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    #1

    preparing the dock for a floating vessel to enter

    Hello everybody!

    He keeps an eye on the following work: preparing the dock for a floating vessel to enter, checking all docking devices for proper functioning, securing cranes, getting working equipment ready and keeping the dock tidy.

    I would like to say that one of the duties of the dockmaster is to prepare the dock to which a vessel can enter?

    Does "preparing the dock for a floating vessel to enter" convey the thought?

    Thank you.
    Last edited by emsr2d2; 19-Feb-2016 at 22:35. Reason: Removed formatting to make post readable

  1. Piscean's Avatar
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    #2

    Re: preparing the dock for a floating vessel to enter

    I had intended to mention this before, but I got sidetracked. In most of your recent posts, 'vessel' is sufficient. you don't need 'floating'.

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    #3

    Re: preparing the dock for a floating vessel to enter

    Quote Originally Posted by Piscean View Post
    I had intended to mention this before, but I got sidetracked. In most of your recent posts, 'vessel' is sufficient. you don't need 'floating'.
    I was going to suggest that, too, but then I thought that maybe the port also has vessels in drydock. Those would be non-floating vessels.
    I am not a teacher.

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    #4

    Re: preparing the dock for a floating vessel to enter

    He is responsible for the work, not just "keep an eye".
    He gets the dock ready to receive vessels.
    I am not a teacher.

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    #5

    Re: preparing the dock for a floating vessel to enter

    1. I suggest: He supervises the following work:

    2. "...checking all docking devices..." There are devises on a dock not specific to docking, such as cranes, conveyors, fueling equipment, etc. which might fall under the supervision of the Dockmaster. I suggest you refer to dock devises.

    3. Dockmaster is a job title- a proper noun- so should be capitalized.

    4. Vessels do not enter to a dock, they enter a dock. Your sentence should read: "... prepare the dock which a vessel can enter"

    5. But that sounds as if he waits until a ship shows up to get busy, so: (better) 'prepare the dock for entry' (if there is only one dock) (still a bit retroactive) OR (best) 'keep the dock ready to receive vessels at all times'.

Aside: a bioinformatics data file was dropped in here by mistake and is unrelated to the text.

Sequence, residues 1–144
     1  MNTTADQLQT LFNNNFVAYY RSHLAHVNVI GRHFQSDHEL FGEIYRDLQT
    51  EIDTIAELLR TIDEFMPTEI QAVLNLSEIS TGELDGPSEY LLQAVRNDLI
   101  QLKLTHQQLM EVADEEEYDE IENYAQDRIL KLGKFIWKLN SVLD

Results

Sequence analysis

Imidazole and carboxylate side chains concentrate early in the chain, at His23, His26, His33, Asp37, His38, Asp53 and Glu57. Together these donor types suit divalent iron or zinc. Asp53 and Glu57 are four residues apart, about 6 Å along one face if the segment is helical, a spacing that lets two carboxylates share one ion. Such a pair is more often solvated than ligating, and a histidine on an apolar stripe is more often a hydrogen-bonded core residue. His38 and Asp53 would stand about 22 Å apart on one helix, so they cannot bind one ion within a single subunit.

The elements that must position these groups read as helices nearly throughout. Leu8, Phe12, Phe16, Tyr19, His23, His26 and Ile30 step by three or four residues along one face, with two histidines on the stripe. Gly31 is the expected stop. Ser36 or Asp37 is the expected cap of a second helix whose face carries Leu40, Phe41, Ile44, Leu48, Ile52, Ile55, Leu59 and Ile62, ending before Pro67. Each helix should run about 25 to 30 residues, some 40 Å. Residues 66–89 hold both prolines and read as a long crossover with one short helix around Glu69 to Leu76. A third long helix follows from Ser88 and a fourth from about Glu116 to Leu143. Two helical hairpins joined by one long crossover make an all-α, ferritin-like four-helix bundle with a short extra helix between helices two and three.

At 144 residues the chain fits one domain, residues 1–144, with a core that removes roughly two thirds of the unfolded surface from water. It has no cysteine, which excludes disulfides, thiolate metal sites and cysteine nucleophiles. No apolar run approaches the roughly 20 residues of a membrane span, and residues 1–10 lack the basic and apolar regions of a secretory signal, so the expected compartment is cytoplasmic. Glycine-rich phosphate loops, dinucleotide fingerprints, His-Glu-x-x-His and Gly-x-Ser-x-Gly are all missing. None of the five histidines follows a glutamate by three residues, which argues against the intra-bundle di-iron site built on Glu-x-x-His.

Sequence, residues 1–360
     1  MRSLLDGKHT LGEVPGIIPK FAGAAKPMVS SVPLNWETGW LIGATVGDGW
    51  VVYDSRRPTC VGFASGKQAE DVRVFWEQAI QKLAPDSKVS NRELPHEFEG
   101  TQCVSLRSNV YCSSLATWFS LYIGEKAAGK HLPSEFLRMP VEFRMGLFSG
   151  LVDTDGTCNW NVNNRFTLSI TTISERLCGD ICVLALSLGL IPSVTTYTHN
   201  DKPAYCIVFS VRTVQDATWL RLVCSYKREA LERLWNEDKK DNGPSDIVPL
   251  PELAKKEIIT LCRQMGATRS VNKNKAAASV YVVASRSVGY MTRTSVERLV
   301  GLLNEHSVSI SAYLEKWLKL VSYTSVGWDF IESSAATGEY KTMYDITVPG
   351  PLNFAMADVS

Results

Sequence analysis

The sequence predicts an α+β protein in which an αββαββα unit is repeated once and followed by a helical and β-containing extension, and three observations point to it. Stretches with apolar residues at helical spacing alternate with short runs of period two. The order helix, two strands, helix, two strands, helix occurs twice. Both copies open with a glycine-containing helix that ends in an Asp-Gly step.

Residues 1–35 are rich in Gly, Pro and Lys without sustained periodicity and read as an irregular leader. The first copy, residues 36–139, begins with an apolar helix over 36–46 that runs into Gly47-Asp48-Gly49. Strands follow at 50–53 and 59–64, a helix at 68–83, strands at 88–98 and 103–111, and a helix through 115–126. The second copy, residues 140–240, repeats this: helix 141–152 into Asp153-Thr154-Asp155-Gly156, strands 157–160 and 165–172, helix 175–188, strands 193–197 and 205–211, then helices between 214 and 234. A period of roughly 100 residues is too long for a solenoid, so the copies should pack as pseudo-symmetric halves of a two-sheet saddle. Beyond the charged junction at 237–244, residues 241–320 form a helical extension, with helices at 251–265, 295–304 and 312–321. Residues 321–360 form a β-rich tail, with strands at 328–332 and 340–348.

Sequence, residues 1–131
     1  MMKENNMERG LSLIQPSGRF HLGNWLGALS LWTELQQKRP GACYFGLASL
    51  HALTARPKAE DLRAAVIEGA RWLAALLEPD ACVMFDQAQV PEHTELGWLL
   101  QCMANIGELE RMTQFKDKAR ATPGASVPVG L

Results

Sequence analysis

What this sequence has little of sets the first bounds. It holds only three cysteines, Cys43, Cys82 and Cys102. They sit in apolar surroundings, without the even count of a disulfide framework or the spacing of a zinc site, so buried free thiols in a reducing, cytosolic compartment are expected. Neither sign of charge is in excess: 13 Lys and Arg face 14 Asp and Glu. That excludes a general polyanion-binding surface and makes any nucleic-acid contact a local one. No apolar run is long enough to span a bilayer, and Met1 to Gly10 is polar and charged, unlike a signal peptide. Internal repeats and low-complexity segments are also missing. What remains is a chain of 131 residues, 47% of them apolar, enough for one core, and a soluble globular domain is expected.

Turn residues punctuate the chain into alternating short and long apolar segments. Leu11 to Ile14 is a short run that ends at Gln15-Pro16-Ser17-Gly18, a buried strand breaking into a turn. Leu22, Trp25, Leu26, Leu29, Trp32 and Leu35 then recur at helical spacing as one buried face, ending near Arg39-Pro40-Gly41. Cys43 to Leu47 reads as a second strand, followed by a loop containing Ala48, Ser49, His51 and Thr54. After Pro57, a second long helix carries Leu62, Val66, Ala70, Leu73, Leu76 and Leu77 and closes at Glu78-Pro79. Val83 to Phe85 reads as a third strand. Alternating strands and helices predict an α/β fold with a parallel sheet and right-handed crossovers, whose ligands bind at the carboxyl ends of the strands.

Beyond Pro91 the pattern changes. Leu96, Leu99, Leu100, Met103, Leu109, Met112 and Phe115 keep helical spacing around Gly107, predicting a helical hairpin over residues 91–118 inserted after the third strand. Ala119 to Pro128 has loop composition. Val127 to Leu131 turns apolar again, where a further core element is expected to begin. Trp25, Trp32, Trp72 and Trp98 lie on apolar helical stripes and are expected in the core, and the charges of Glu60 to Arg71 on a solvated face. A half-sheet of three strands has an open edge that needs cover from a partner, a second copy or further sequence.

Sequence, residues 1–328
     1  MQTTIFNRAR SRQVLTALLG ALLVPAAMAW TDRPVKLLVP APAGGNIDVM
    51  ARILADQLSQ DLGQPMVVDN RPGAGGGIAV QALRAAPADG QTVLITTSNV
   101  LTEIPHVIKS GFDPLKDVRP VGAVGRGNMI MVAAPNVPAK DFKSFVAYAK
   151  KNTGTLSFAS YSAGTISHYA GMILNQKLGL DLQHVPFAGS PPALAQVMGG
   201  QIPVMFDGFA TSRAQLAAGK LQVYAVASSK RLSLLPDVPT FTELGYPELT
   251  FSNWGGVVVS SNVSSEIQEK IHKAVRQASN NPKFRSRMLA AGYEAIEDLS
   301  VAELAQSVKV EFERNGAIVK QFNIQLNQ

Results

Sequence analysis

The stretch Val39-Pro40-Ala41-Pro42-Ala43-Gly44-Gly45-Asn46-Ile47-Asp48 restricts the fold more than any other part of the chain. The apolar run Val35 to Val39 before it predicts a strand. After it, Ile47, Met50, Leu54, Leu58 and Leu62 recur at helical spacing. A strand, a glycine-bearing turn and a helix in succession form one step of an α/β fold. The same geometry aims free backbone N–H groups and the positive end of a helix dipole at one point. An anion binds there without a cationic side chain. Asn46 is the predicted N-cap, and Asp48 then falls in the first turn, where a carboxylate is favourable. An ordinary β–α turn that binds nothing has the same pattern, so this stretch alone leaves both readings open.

Last edited by J&K Tutoring; 19-Feb-2016 at 03:47.

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    #6

    Re: preparing the dock for a floating vessel to enter

    Quote Originally Posted by GoesStation View Post
    I thought that maybe the port also has vessels in drydock. Those would be non-floating vessels.
    All the regulations Jacek is posting appear to be refer to vessels that are entering or leaving a mooring or are are tying or tied up.

    There would be specific regulations for vessels out of the water.

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    #7

    Re: preparing the dock for a floating vessel to enter

    It was so stupid of me to make such a mistake. I know that the verb "enter" means "go into" and is not followed by the preposition "to".

    I wrote as you suggested but I would like to know if there is something wrong with using "preparing the dock for a floating vessel to enter".

    In my opinion, "preparing the dock for a floating vessel to enter" means the same as "preparing the dock which/that a vessel can enter".

    I think it is the same pattern as "I need someone to talk to" = "I need someone to whom I could/can talk".

    The infinitive structures are fantastic because they are so simple while conveying so much information.

    Please tell me what you think of my opinion.

    Thank you.
    Last edited by emsr2d2; 19-Feb-2016 at 22:36. Reason: Removed formatting to make post readable

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